"Besides the fact that the disease brings along not only physical, but also mental suffering, the hostility of the community leads to deeper negative feelings in patients. The infected kids see no helping hand, what they experience from the people around them is only rejection", Liiceanu says.

The Aids law

Now, parents of HIV-infected children are beginning to move national or international human rights organisations for justice.

Romania did not have a law to protect those afflicted with HIV and Aids until less than a year ago.

In November 2002, as a result of a continuous international pressure and criticism from human rights organisations abroad, Parliament enacted a law.

The law seeks to protect people living with HIV/Aids from social exclusion and guarantees their right to health care, to attend schools and to work.

The law also lays down that whoever knowingly spreads the disease can be convicted.

In September, doctors at a hospital in Iasi discovered that a young man had donated infected blood. The man was surprised to find out he was HIV infected and was sent to the Infectious Diseases Hospital for a thorough blood examination.

"This case is not singular", says Liana Velica, representative of the Anti-Aids Romanian Association (ARAS).

"The ideal situation would be for people to willingly undergo tests for HIV instead of donating infected blood and then discovering they are ill", Velica says.

Like other Romanian organisations, ARAS is attempting to combat the information deficit on the virus and has launched various programmes to help counsel those affected by HIV/Aids.

Mihai believes most know too little about the virus because even getting to read or listen to others talk about it makes them uncomfortable.

"In their minds, HIV is associated with a feeling that their life is somehow threatened".

"On the other hand, I have heard people saying that HIV is the result of promiscuity or drug use. And they are convinced that since the victims are those who have led such a way of life, there is no possibility that they would get infected. So why bother getting informed about Aids?"

Mihai thinks there are many diseases with a stigma attached to them, but the one that goes with HIV is the strongest. "This is simply because of an overwhelming fear of infection", he says.

The Vrancea case, where two children were expelled from school, is an illustrative case.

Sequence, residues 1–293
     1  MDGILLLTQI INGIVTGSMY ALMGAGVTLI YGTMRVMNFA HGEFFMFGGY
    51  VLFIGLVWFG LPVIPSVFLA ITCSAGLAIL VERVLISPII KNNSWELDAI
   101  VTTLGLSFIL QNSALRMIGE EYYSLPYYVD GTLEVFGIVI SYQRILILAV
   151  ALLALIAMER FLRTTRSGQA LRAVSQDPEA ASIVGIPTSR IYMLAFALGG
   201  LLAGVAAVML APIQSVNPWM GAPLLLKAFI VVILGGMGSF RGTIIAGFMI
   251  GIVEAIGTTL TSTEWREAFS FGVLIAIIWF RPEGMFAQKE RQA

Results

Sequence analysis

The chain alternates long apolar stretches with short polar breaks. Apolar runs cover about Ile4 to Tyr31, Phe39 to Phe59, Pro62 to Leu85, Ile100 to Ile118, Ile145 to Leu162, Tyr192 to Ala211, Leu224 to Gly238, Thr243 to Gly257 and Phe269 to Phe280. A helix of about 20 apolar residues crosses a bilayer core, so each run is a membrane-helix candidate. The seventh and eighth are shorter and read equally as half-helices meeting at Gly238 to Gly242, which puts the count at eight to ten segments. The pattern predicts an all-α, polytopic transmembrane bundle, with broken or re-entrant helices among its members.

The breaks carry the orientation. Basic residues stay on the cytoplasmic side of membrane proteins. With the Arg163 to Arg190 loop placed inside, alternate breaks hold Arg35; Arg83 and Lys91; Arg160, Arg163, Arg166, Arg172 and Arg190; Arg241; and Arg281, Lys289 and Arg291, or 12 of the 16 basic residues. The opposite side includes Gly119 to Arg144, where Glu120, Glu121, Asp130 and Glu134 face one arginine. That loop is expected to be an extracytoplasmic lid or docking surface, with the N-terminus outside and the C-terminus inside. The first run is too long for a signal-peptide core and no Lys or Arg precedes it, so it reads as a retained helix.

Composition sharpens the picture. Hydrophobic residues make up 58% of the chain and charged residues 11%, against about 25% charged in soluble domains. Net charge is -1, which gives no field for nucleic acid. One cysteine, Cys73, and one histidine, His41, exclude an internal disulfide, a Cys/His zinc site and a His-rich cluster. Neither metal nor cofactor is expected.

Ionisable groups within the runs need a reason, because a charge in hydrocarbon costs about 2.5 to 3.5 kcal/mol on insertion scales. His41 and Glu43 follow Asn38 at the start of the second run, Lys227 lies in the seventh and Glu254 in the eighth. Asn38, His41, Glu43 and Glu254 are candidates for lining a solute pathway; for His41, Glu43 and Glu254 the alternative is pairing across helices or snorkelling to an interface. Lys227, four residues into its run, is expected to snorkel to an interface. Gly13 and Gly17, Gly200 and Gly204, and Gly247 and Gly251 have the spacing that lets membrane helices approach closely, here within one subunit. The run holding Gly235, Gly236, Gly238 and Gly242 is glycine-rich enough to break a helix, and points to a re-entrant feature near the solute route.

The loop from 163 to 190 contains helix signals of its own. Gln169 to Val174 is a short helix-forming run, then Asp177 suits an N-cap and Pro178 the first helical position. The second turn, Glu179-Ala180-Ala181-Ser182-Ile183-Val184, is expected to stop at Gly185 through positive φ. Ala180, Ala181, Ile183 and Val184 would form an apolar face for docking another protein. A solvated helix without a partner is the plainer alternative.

Over 130 residents of the village signed a petition and then took to violence after they found out the authorities were setting up a home for children infected with HIV and Aids.

Most of the villagers opposed the EU-financed project because they were convinced the disease would spread.

Many of the protesters believed Aids could indeed spread through water or mosquitoes or by simply touching livestock or objects touched by a carrier.

"I am not surprised this has happened", Catana says.

"Their reaction was only natural, considering that they didn't know a thing about the disease. Those in charge of the project should have educated the villagers first and then built the home for the infected kids".

As for careless remarks and unfair treatment, Mihai says this behaviour still upsets him, although he has now been ill for so many years.

"When it comes from people least expected, this makes it doubly hurtful," he says.

In fact, Mihai finds more comfort in the company of his pet dog. "My mother bought me a puppy on my birthday. This was the best gift I have ever got. My dog gives me total, unconditional love. He is always on my side and I can tell him anything, without the fear of being judged."

However, Mihai says his dog cannot always help him forget his condition better than a human friend could have.

"I take over 20 types of medicine but sometimes it doesn't work. When this happens, putting together those two words - Aids and HIV, just seems ridiculous".

Editor's note: HIV is the virus which causes the fatal disease of the immune system, Aids.

At least 28 million people worldwide have died from Aids – their bodies' defence systems ravaged by the HIV virus to the point where everyday infections become life-threatening.

More than 20 years since HIV was first recognised, there remains no vaccine against HIV and no cure for Aids, although a new generation of drugs has dramatically extended the life expectancy of those who contract HIV.